In accomplishing Africa’s development goals, water is crucial. This is primarily because Africa faces endemic poverty, food insecurity and pervasive underdevelopment, with a number of African countries lacking the human, economic and institutional capacities to effectively develop and manage their water resources sustainably.
Saran Kaba Jones is a social entrepreneur and the Founder and CEO of Face Africa a community development organization founded in 2009, working to strengthen water, sanitation and hygiene infrastructure and services in rural communities across sub Saharan Africa.
Saran was born in Liberia but left the country at 8, shortly before the country’s civil war began. Sarah spent her formative years in Cote’ d’Ivoire, Egypt, France and Cyprus before moving to the United states in 1999. On returning to Liberia almost 20 years after, Saran was heartbroken to find her country in dire need for clean water, and she made it her life’s mission to help. She is focused on providing safe drinking water, sanitation and empowering girls through education and skills training.
She started out through Face Africa, to give back and contribute to improving lives in Liberia, when she realized the impact of the initiative on her community and how far it had reached, she decided to quit her job and focus on the project fully.
Saran says, “I decided to focus on water because water is life and directly affects every area of development. Children cannot attend school if they are sick from dirty water, and adults suffering from water-borne illnesses overwhelm hospitals and cannot go to work. Hours spent looking for and collecting clean water mean hours not spent adding to a family’s economic well being. It made sense to tackle the issue of water because without it, a country cannot make true progress in terms of development”.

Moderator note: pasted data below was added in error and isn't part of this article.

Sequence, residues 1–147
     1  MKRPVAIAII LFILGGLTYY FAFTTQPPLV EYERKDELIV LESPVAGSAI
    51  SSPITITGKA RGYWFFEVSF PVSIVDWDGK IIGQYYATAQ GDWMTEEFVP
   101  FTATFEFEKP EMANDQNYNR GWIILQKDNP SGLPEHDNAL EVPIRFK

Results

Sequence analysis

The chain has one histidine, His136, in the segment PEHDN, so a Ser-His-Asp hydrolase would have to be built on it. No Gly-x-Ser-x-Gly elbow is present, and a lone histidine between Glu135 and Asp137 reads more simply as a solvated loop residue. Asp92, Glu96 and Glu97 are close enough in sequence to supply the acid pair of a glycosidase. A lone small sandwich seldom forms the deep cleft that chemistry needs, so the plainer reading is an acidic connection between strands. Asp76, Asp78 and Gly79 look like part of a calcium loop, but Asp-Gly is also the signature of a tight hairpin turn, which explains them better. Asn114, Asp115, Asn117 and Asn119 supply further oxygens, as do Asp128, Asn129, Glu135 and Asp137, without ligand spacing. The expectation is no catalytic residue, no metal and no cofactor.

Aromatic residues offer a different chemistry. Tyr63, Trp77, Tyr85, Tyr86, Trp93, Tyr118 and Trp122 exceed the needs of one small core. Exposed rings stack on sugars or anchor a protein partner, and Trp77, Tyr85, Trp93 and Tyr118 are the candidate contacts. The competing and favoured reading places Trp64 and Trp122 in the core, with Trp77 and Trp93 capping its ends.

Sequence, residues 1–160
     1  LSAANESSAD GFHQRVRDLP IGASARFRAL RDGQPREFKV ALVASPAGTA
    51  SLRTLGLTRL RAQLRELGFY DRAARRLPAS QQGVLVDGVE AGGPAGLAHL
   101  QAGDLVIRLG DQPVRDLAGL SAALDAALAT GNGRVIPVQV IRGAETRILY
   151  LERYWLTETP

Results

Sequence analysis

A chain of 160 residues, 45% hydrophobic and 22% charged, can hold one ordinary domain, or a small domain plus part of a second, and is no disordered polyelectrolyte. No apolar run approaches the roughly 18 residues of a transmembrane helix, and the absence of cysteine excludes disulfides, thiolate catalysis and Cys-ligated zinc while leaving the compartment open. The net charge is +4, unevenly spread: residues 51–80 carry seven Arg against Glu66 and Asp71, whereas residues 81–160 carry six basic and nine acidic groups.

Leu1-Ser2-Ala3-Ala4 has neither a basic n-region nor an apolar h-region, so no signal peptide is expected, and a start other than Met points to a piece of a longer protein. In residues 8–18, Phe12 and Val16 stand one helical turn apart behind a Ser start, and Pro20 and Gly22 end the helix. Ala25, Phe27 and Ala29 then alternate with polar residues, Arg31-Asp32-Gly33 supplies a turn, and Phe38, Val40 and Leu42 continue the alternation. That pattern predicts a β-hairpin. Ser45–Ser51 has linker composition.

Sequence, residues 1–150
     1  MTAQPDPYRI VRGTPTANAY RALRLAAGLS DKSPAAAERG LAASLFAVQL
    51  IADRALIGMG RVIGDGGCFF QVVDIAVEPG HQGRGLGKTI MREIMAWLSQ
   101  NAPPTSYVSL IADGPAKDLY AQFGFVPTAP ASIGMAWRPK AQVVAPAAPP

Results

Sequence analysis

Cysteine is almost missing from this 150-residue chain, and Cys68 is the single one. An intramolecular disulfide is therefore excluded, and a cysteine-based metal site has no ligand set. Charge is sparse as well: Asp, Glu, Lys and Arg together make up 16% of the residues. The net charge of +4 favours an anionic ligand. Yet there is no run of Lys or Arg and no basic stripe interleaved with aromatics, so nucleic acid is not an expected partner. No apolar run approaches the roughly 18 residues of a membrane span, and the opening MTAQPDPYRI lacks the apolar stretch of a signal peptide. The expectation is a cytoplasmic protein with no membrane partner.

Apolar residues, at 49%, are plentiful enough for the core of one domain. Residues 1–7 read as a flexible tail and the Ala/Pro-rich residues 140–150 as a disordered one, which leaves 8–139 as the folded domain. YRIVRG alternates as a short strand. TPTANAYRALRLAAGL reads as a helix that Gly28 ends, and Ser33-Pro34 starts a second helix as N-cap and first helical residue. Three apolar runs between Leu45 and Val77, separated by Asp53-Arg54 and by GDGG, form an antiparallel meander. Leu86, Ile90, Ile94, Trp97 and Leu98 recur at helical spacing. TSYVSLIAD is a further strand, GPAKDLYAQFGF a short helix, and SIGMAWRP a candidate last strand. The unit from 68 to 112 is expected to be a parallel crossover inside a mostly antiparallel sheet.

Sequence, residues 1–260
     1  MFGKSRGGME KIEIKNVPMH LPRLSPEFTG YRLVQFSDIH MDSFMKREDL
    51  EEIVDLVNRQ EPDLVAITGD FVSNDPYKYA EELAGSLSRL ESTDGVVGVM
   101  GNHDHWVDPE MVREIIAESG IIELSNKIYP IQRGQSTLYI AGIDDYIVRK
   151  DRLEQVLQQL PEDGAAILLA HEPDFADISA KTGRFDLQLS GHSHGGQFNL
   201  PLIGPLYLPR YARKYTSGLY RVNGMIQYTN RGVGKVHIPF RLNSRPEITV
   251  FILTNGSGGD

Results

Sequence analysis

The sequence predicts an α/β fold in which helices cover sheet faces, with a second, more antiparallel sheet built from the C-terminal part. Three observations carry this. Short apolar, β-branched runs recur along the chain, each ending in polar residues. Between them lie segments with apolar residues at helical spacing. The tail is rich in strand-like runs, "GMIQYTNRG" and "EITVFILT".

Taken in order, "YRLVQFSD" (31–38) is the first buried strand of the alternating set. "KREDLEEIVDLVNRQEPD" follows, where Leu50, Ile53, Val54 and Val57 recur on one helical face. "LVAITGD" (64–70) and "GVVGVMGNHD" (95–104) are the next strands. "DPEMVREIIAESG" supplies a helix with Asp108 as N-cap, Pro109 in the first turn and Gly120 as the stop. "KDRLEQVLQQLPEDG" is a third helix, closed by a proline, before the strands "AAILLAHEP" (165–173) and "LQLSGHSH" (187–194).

Through Face Africa, hundreds of thousands of dollars was raised from JP Morgan Chase, Coca Cola, the Voss Foundation, P&G, Chevron and the Robert Bosch Foundation to build over 50 WASH projects and has reached 25,000 people in rural Liberia. Face Africa was also at the forefront of Ebola response efforts in Rivercess County, Liberia, where they conducted social mobilization, prevention and awareness and community engagement programs.
Saran’s zeal and achievement shows how much young people are making a huge difference across the globe.